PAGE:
$svr = New-Object "Microsoft.SqlServer.Management.SMO.Server" $server.instance_name
$version = $svr.version
foreach ($db in $svr.databases)
At the beginning of each loop we set the value of $dbsize and $logsize as these properties can be empty if the DB is unavailable. We then check the database status before we attempt to get the size properties. Because the $db.size property includes data and log files we take the sum of the size properties in the $db.logfiles collection and subtract it from the $db.size property. We also have to divide the log file size by 1024 because it is listed in KB not MB. Too bad there’s no datafiles collection!
$dbsize = "NULL"
$logsize = "NULL"
If ($db.status -match "Normal")
$dbsize = $db.size – ($db.logfiles|measure-object -property size -sum).sum / 1024
$logsize = ($db.logfiles|measure-object -property size -sum).sum / 1024
Now we create some variables for use in our INSERT statement. the $object.property variables didn’t seem to jive well with all the quotes, so it was easier to set up some base variables. We also set the date to a SQL datetime friendly format. And remove any commas from the $db.status property as our SQL INSERT statement won’t like those at all!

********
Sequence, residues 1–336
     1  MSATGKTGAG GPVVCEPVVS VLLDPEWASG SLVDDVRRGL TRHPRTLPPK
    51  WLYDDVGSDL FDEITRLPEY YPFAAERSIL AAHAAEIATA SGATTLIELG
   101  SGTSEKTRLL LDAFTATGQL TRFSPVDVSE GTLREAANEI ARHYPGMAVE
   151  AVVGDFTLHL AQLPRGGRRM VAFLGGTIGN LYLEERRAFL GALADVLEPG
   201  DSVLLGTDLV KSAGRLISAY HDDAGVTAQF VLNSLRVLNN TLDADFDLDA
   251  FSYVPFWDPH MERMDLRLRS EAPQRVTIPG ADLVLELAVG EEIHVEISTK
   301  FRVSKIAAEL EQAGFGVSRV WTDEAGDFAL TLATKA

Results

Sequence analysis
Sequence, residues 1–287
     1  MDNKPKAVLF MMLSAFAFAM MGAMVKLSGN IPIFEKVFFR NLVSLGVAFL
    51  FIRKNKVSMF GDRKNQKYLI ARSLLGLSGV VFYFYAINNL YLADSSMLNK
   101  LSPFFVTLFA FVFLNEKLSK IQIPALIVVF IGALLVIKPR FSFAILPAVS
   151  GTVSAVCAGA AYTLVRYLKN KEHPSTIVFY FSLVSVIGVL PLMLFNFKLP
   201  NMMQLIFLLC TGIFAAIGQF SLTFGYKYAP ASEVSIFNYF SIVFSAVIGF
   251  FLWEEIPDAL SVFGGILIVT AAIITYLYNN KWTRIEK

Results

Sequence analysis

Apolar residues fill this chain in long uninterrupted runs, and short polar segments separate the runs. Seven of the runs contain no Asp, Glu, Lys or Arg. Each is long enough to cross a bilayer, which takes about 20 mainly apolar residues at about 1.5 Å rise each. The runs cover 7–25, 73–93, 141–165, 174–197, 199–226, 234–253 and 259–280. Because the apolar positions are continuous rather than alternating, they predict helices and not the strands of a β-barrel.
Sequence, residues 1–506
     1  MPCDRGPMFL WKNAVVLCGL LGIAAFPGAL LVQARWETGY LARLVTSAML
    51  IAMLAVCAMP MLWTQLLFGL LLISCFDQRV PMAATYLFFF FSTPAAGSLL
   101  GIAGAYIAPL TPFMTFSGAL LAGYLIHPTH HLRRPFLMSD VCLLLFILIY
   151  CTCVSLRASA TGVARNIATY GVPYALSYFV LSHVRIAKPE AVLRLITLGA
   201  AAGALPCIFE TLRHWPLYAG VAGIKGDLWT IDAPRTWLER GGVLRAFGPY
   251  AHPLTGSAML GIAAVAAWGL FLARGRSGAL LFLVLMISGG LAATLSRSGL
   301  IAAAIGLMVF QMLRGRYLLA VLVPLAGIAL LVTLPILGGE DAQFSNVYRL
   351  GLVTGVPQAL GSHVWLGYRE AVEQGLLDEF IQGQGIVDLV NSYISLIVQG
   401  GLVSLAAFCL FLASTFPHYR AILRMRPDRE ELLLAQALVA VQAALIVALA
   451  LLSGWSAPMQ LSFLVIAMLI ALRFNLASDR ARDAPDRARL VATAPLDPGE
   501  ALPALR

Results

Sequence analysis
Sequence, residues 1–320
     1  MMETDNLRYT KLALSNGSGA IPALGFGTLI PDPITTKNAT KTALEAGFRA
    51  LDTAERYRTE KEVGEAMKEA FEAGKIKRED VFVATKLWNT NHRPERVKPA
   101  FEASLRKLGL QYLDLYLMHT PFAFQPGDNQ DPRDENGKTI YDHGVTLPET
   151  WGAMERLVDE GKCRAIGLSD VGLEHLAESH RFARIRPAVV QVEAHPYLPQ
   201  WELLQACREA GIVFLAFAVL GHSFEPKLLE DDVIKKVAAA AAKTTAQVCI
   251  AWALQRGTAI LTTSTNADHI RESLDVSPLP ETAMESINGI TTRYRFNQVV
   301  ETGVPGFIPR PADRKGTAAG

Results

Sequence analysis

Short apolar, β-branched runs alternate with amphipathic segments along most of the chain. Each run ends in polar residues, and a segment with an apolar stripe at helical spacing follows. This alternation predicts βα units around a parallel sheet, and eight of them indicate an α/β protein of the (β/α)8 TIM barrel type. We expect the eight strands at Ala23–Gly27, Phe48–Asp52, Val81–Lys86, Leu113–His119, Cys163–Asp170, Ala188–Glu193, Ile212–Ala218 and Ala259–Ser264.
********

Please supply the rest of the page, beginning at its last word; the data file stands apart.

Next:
$svrname = $svr.name
$dbname = $db.name
$dbcreatedate = $db.createdate
$dbstatus = ($db.status).tostring()
$dbstatus = $dbstatus.Replace(","," ")
This next section is kind of meaning less for the script, but it’s wicked fun. The properties and variables we’ve created can be hard to format for output. The general PSObject object take care of this delimma for us. First we create a new object, $obj. Then we add each of our different database properties. Once we are done we add the object to our $DBInfo array. During each loop a new object is created and added to the array. You could use "$DBInfo | Format-Table" to more easily view the information, or "$DBInfo | ConvertTo-HTML | Out-File dbinfo.html" to make a quick web page. If your already have the web server up an automated daily job could overwrite the page so that interested parties can keep track of their database sizes. We also use this to see if new databases "pop-up" because of a wiley developer!
$obj | Add-Member NoteProperty -name ServerName -value $svr.name
$obj | Add-Member NoteProperty -name DatabaseName -value $db.name
$obj | Add-Member NoteProperty -name SQLVersion -value $version
$obj | Add-Member NoteProperty -name CreateDate -value $db.createdate
$obj | Add-Member NoteProperty -name DBSize -value $dbsize
$obj | Add-Member NoteProperty -name LogSize -value $logsize
$obj | Add-Member NoteProperty -name DBStatus -value $db.status
invoke-sqlcmd -serverinstance "yourserver" -query $sqlcmd